U.S. 7, Czechoslovakia 5
U.S. 12, Australia 1
U.S. 6, Sweden 3
U.S. 9, Germany 1
U.S. 2, Canada 1
U.S. 3, Soviet Union 2
U.S. 9, Czechoslovakia 4
Despite bringing home a silver medal from the Cortina d’Ampezzo 1956 Olympic Winter Games, the U.S. men’s ice hockey team did not have much momentum as it prepared for the Squaw Valley 1960 Olympic Winter Games on home ice.
A handful of players returned from the 1956 squad, but the Americans had a new coach, Jack Riley, and more than a few players were disgruntled when Riley added a few players to the roster only weeks before the Olympics, cutting others, including the popular Herb Brooks – who would go on to coach the 1980 U.S. Olympic Hockey Team.
The team’s No. 1 goalie, Jack McCartan, who had been serving in the U.S. Army, had been cut during training camp only to be brought back when his replacements struggled. McCartan might have been better known for his exploits on the baseball diamond, where he had been an All-American third baseman and helped the University of Minnesota win the 1956 NCAA championship.
Medal hopefuls? More like medal afterthoughts.
“Not many people gave us much of a chance,” said winger Bill Cleary, one of the three late additions to the team, which nearly prompted the rest of the team to boycott in protest. “I remember all the press, I think they were picking us to finish 12th, and there were only nine teams in the finals – that’s what they thought of us.”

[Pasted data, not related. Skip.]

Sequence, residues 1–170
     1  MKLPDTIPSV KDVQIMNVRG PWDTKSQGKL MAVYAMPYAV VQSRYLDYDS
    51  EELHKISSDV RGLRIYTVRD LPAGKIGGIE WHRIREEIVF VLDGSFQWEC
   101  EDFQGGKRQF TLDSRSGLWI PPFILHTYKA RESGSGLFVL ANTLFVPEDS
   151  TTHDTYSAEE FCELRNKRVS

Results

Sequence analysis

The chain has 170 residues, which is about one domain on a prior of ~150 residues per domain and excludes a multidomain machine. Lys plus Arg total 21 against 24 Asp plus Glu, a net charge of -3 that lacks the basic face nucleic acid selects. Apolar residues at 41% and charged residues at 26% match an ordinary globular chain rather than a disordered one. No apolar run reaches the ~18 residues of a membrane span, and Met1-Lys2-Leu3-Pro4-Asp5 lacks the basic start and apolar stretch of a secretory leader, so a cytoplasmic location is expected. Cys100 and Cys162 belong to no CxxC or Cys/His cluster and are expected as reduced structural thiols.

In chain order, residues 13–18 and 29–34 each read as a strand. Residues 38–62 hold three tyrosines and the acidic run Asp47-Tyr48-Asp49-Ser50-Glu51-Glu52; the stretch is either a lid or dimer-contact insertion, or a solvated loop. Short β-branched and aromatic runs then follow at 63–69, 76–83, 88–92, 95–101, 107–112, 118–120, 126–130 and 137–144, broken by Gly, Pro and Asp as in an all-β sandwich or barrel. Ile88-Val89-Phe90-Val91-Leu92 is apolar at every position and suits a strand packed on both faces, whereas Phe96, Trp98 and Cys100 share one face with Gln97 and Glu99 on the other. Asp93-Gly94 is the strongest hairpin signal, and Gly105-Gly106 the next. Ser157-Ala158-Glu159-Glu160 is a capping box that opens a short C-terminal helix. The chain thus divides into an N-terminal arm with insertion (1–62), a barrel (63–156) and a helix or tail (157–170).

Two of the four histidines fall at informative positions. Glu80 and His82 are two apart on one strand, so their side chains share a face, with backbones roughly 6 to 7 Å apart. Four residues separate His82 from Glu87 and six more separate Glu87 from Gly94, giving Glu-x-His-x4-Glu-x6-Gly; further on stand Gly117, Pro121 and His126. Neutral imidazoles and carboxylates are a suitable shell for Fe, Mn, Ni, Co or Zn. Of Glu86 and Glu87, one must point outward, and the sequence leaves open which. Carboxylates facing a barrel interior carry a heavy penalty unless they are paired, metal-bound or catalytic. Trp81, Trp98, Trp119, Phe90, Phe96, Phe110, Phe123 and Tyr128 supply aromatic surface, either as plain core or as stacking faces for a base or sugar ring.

The Americans started pool play with a 7-5 win over Czechoslovakia and a 12-1 trouncing of Australia to advance to the final round, which was a six-team round-robin.
Four more victories followed, including one-goal wins over gold medal favorites Canada (as McCartan made 38 saves) and the Soviet Union (with the brother tandem of Roger and Bill Christian combining for the tying and winning goals).
That set up a game the following morning against Czechoslovakia, where the Americans could claim gold with a victory. Trailing 4-3 entering the third period as fans crammed into every nook of the open-air Blyth Arena, Roger Christian scored three times in the third period as the Americans rallied for a 9-4 victory.
“We went undefeated and we beat teams that we don’t normally beat in international competition: the Canadians, the Russians, the Swedes, the Czechs,” McCartan said. “They were all tough games in past years. To go undefeated against that crowd was pretty good. To be the first to win a gold medal probably when you weren’t expected to do it, that was special.”